Roy Huggins' decidedly downscale Los Angeles private eye STUART BAILEY appeared in one pretty good novel, The Double Take (1946), and launched a career.
The novel was, as I said, pretty good, one of those Chandleresque rip-offs/homages so prevalent in the forties, not as good as Leight Bracket's No Good from a Corpse or Howard Browne's Paul Pine series, maybe, but definitely one of the better ones. It boasted a suitably convoluted plot -- Bailey's hired by a wealthy advertising executive to look into his wife's past, which eventually uncovers a couple of switched identities, some stolen loot, an angry mobster and a murder or two. There are some sharp wisecracks and a few well-etched similes that suggest Huggins was paying attention in Mr. Chandler's classroom.
If The Double Take didn't exactly set the world on fire, it did became a stepping stone to a long illustrious career in television for its author, Roy Huggins.
It was brought to the big screen in the now-forgotten but often effective 1948 film noir I Love Trouble, starring Franchot Tone as Bailey, Janet Blair and a well-rounded cast of crime flick vets, including Raymond Burr in a bit part.
But it was a few years later, after Huggins' burgeoning success in the TV market -- he'd already created and produced Maverick and The Fugitive -- that Bailey really made a splash. He was dusted off and cleaned up, given a fluency in foreign languages, a past as a government agent, a slick wardrobe, a partner and a hipper address -- and played by Effrem Zimbalist Jr. The result was 77 Sunset Strip, inarguably one of the most influential TV private eye shows in history -- for better and worse.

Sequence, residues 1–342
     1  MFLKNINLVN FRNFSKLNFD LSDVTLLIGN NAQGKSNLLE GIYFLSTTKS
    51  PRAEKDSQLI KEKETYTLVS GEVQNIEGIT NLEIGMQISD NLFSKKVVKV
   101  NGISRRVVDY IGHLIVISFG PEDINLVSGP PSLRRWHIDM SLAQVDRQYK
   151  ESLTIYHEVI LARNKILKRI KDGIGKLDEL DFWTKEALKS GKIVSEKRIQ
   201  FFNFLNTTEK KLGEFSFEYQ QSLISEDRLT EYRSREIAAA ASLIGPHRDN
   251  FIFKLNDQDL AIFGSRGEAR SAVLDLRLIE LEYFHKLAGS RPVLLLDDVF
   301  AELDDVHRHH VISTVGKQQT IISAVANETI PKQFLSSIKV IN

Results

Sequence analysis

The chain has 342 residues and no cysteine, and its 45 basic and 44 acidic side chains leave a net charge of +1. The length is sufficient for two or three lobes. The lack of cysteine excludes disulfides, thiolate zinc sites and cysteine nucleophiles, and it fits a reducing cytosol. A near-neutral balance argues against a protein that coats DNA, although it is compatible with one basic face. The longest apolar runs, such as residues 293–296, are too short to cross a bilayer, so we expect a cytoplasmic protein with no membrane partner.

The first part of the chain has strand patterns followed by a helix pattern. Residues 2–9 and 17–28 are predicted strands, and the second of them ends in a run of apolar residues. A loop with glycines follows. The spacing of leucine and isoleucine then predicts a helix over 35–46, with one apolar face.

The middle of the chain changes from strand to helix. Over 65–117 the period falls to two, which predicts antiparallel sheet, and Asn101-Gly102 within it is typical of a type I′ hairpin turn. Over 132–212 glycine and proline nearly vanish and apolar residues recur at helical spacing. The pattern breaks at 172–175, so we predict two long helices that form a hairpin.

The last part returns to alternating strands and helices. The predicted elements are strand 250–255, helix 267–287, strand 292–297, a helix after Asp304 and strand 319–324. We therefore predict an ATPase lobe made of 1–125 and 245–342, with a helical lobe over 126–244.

So successful, in fact, that Warner Brothers began spewing out copy cat versions such as Hawaiian Eye , Bourbon Street Beat, and Surfside Six almost immediately. Other studios were quick to follow suit, and the formula of handsome male leads, "wacky" characters who drop by and "cool" premises and locations, not to mention the now almost-ubitquious 60-minute format, can be seen in everything from Riptide to Magnum P.I. to Las Vegas.
Not that Huggins ever forgot what started it all. He reworked The Double Take for the next thirty years, using it as source material for episodes of 77 Sunset Strip (of course) but also Maverick, The Rockford Files (twice), Baretta, City of Angels and "probably every other series wirth which Huggins was associated," according to Marcia Muller in 1001 Midnights.
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